Drew Yancey: That is a great question, and there is. Human beings, for as much as we’ve evolved as a species, Mike, as much as we’ve accomplished as a species, are still at the end of the day fairly simplistic, meaning we can’t handle a lot of complexity at once. We haven’t become magically better at multitasking. You look at the research that’s out there, depending on the particular study, I’ve seen numbers anywhere from five to 10, the amount of things that we can focus on meaningfully at any given point in time.
So when we think about an execution gap, it makes sense that the more complex our organization becomes, the more complex our environment becomes, the more variables we have to factor in and control for, the more difficult it’s going to be to remain focused and to radically prioritize. This isn’t something that we’re ever going to eliminate as attention, it’s something we need to be constantly aware of and manage well. A great strategic plan is not one that has 25 different initiatives on it. It’s one that’s clear and concise and gets to the heart of where we’re going as an organization and how we’re going to get there.
Mike Vizard: It also seems that there’s a tendency to sometimes cast aspersions on others. There’s an old joke about a football coach whose team was pretty awful, and the reporters asked him what did he think of his team’s execution today, and his answer was, “I think it’s a pretty good idea.” As funny as that may be, there is a tendency to blame the squad too much, and maybe the leadership needs to figure out, “Hey, it’s not the squad.”
Drew Yancey: Absolutely. Unfortunately, and you would probably have similar experiences, we’ve interacted with leaders who are at the helm of an organization that’s not executing, and that leader ultimately believes it’s someone else’s fault.
And what I believe defines true leadership in this space is that a leader recognizes that ultimately he or she is responsible for the results that the organization is getting. If I don’t like the results that my organization is getting, then I ultimately need to be responsible for that. Then that doesn’t mean that I am responsible for every action item that might be in a strategic plan or that I’m doing everything, the exact opposite, that I’m leading effectively through other people.
Mike Vizard: Ultimately, what’s your best advice for folks? Do I spring for a therapist for everybody and that’s what they’re going to need, or do they develop a dependency on some other substance to get them through the day? I mean, these are the two extremes, but how do I approach this in a way that preserves my sanity?
Drew Yancey: Yeah. Yeah. Obviously every scenario is different, every application of the execution gap is a little bit different, but I always go back to three basic questions. Whether we’re talking about an organization, Mike, that’s involved in strategic planning, or we’re talking about a leader who’s creating a tactical plan for their function, three basic questions.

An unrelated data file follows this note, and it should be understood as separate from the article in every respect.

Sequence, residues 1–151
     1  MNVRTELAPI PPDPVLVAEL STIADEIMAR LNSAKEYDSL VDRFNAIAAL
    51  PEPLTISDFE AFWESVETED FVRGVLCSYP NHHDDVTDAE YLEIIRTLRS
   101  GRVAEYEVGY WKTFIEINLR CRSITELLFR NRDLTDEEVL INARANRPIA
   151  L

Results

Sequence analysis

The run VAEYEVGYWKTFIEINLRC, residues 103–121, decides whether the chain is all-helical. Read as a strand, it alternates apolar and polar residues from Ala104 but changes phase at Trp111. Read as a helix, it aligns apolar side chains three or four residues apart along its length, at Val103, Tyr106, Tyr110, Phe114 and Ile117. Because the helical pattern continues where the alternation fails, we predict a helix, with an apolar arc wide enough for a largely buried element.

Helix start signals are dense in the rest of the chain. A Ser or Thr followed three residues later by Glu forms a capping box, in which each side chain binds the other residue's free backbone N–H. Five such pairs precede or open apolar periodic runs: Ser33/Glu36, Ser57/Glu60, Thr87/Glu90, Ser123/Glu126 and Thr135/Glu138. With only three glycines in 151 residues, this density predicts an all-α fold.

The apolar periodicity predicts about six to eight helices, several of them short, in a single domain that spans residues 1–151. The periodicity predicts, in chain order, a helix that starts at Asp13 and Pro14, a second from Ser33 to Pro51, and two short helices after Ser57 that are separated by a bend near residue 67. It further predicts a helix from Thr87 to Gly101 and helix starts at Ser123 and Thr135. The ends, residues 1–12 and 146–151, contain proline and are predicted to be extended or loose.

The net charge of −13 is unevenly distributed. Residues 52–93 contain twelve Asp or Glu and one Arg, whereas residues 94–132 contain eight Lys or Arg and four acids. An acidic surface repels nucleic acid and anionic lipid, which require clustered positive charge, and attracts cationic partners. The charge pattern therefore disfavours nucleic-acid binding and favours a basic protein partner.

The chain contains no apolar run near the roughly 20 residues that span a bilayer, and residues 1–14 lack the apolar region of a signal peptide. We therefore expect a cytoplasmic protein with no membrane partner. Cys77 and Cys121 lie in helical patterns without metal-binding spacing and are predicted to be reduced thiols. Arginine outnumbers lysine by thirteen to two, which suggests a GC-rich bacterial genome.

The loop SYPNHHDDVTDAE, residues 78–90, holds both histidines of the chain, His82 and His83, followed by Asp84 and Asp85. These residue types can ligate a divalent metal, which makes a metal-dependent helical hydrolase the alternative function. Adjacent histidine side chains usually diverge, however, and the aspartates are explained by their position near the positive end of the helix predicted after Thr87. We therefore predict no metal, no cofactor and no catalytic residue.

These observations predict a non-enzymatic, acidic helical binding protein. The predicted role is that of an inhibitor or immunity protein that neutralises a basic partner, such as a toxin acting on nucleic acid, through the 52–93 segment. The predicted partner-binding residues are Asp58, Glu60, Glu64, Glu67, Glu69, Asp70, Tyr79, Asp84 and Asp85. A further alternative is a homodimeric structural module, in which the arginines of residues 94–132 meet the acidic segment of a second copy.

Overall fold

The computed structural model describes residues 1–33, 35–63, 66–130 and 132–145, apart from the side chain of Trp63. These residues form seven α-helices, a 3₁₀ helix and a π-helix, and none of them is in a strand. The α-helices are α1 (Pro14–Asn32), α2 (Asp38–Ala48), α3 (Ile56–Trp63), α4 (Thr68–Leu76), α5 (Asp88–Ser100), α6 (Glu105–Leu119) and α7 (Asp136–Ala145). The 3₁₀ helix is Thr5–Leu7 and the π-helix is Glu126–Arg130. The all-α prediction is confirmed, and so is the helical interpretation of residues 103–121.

Number one, where do you want to go? And be as specific and as vivid in the answer to that question as possible. In my work with clients on strategic planning, we go through an exercise where we create a vivid vision, and it’s an answer to the question, “What does amazing look like for our business in three years?” I won’t go into the components of each of those words, but they’re intentionally chosen to maximize the success of a plan.
But let’s keep in mind, a strategy is an answer to a “how” question, “how do we get to where we want to go?” It is not an answer to a “where are we going question,” or even more importantly, “why do we want to go there.” Oftentimes leaders will tell me, I need a strategy, but what they actually need first is a vision that’s going to drive that strategy. So that’s question number one, “Where do I want to go?”
Question number two is, “What are my vital few?” What I mean by that is if you think about what you want to accomplish, say, over a three-year period, there’s only going to be about three to five truly strategic initiatives that warrant your time and energy. We’re not saying that these are the only things that need to be accomplished. We’re saying these are our cornerstones, these are our centerpieces. They could be something related to sales or operations or leadership or all of the above.
And then the third question is, “What are my clear objectives?” So the final piece of the puzzle is let’s take those initiatives and turn those into clear objectives with measurable key results. What I described you a little bit earlier about a priority being, “I need to get A CRM technology,” and turning that into a clear objective. Whatever context we’re talking about, whether it’s the business or a team, if we can answer those three questions, we’re well on our way to closing the execution gap.
Mike Vizard: All right, folks. Well, you heard it here, that execution gap starts with that person you look at in the mirror every morning and then it goes out from there. Hey, Drew, thanks for being on the show.
Drew Yancey: Thank you for your time. Great discussion.
Mike Vizard: And thank you all for watching the latest edition of the Digital CxO Leadership Insights series. You can find this episode and others on the digitalcxo.com website. We invite you to check them all out. Until then, we’ll see you next time.